Some students are so far behind by the time they reach university that there is little point accepting them to study as they are unlikely to succeed, according to UCT philosophy professor David Benatar.
“We need to recognise that admitting those students who are so unprepared that they are unlikely to succeed even with academic support is both a disservice to those students and a negligent use of public funds,” he argued in his contribution to the debate on UCT’s admissions policy.
This follows the university’s call for comments on its admissions policy to be submitted to its Commission into Student Admissions.
The policy, which uses race as a proxy for classifying students as disadvantaged, is presently under review.
Benatar said it was entirely appropriate in an admissions decision to favour to some extent those who had been educationally disadvantaged.
But he argued that because of the low standards of primary and secondary education, some students might already be too disadvantaged.
“In addition to all the other research that is being undertaken in connection with admissions, we need to know whether admission standards could be altered to ensure that those who are admitted are more likely to succeed.”
He said in this way UCT’s admissions policy would favour only the disadvantaged people who could succeed with reasonable support.
In his letter to the commission, Benatar said that instead of rehashing his arguments, he would enclose two pieces he had recently written – one in the SA Journal of Higher Education and a shorter one from the Politicsweb website.
He did add a few points to the letter.
The first was that he hoped the university was truly seeking a proxy for disadvantage and not a proxy for race.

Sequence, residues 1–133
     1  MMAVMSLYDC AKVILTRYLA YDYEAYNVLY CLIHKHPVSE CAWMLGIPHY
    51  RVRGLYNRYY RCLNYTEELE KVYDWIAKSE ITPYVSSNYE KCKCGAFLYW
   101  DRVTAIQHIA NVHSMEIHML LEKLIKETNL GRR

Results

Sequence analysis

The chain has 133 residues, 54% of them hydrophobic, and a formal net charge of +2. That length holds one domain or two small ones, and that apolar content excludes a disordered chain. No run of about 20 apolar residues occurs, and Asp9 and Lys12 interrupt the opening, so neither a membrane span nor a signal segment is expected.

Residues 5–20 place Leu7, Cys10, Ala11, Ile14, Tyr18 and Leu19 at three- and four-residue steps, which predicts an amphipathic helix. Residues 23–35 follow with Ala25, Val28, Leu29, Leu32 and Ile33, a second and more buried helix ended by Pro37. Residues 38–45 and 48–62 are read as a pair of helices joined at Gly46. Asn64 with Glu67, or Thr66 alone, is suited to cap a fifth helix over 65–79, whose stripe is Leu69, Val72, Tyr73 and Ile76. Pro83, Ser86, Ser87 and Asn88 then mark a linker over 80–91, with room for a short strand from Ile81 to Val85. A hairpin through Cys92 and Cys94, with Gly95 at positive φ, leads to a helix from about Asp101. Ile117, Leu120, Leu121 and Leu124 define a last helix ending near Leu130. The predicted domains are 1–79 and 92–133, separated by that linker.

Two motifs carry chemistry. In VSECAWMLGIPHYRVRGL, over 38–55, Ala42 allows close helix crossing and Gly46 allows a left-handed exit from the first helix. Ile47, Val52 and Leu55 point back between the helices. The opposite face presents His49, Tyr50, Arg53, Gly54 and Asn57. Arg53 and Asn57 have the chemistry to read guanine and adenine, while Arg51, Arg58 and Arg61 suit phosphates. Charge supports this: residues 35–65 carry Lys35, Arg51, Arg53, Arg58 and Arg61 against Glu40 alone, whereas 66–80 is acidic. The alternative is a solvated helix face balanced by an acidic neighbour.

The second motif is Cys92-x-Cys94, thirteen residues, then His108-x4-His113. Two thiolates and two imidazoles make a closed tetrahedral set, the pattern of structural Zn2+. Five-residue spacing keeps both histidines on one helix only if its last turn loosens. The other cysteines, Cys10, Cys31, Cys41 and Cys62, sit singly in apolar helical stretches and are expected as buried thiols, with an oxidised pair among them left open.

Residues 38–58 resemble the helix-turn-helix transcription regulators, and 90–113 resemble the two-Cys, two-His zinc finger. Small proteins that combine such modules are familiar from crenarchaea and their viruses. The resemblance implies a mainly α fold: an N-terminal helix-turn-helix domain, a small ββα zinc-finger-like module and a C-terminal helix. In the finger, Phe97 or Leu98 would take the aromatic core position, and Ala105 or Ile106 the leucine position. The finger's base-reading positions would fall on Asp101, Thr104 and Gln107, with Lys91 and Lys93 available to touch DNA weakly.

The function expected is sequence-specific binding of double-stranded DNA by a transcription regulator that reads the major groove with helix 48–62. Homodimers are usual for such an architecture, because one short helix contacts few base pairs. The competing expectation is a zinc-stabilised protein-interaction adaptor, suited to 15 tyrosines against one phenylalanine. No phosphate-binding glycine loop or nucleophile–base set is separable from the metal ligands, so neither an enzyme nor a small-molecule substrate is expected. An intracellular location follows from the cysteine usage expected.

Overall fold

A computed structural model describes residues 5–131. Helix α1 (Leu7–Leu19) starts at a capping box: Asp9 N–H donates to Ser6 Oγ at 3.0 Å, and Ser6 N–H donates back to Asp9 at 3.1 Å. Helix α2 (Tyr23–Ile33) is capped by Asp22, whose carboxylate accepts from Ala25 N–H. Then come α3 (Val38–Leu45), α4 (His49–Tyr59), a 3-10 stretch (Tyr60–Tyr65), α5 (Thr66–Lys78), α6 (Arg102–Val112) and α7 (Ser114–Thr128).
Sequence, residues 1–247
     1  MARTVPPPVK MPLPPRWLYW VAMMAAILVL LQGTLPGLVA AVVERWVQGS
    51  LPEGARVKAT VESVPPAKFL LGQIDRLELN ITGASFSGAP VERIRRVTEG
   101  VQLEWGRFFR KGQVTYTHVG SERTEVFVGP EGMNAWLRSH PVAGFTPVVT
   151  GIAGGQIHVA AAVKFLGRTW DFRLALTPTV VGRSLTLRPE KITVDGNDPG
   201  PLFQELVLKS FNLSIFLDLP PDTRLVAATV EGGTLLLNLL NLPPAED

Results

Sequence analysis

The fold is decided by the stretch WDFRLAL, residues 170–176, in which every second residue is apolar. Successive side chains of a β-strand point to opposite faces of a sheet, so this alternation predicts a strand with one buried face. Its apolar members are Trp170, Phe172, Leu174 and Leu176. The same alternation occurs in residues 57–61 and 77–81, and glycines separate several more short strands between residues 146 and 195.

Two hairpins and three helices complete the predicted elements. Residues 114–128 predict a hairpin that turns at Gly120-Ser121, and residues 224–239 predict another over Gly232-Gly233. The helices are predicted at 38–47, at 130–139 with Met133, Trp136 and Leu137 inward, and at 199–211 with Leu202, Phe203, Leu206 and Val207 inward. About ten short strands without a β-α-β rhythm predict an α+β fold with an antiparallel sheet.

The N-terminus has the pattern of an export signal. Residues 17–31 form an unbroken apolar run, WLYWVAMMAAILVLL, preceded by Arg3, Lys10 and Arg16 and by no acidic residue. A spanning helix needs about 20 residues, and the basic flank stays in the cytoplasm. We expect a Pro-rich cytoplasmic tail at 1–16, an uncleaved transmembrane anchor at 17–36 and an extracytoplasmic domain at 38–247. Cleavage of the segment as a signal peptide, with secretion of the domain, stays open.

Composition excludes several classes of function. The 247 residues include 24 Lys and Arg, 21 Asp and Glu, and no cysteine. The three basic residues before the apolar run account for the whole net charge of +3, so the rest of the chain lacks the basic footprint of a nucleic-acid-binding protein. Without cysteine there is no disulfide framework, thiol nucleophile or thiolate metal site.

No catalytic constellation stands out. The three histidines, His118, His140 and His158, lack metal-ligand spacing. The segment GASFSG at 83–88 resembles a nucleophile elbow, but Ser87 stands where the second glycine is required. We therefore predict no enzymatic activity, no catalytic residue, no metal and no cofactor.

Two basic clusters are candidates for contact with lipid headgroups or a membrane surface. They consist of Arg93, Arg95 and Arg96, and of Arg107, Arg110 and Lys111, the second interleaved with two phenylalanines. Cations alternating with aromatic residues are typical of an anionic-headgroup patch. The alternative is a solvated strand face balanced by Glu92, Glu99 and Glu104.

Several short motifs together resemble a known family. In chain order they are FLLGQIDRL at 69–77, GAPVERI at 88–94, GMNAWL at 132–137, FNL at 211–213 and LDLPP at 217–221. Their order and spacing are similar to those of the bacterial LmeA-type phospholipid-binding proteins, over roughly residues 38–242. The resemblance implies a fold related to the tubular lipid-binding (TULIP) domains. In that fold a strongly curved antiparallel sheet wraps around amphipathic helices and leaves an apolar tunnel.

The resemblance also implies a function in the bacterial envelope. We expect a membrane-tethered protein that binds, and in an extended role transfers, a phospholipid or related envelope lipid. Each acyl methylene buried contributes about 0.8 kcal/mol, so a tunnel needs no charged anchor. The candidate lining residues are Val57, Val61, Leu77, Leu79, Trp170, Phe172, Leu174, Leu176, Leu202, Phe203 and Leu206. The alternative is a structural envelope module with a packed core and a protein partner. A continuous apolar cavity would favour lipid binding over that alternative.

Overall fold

“The latter would just be racialism in disguise. Given the history of South Africa, we should expect that most of those who are disadvantaged are those who (or whose parents) were previously classified as ‘black’.”
Benatar said the test of UCT’s commitment to non-racialism would be its use of race in other policies – including staff appointments and scholarships.
“Will some of these continue to be restricted to people of some racial groups, irrespective of the financial or educational level of individuals in those groups?”
The DA Students Organisation has called for race criteria to be scrapped and replaced with criteria such as a student’s school background and socio-economic status.
It said students with similar backgrounds and education should compete on the same terms for admission.
But the SA Students Congress has said it did not want a change to the university’s admission policy.
These submissions are just some of the 85 under review by the UCT commission.
A number of individuals, who have not made submissions, contacted the Cape Times with their thoughts on the admissions policy.
AfriForum Youth chairman Charl Oberholzer said students should not be categorised by race.
He said that the top 5 percent of matrics, irrespective of race, should be allowed entrance to a faculty without being submitted to racial categorisation to ensure that top talent remained in SA.
Glen Snyman, the founder and co-ordinator of People Against Race Classification, called for the race-based policy to be discontinued immediately.
He said that every applicant to UCT should tick the “black African” block on the admission application.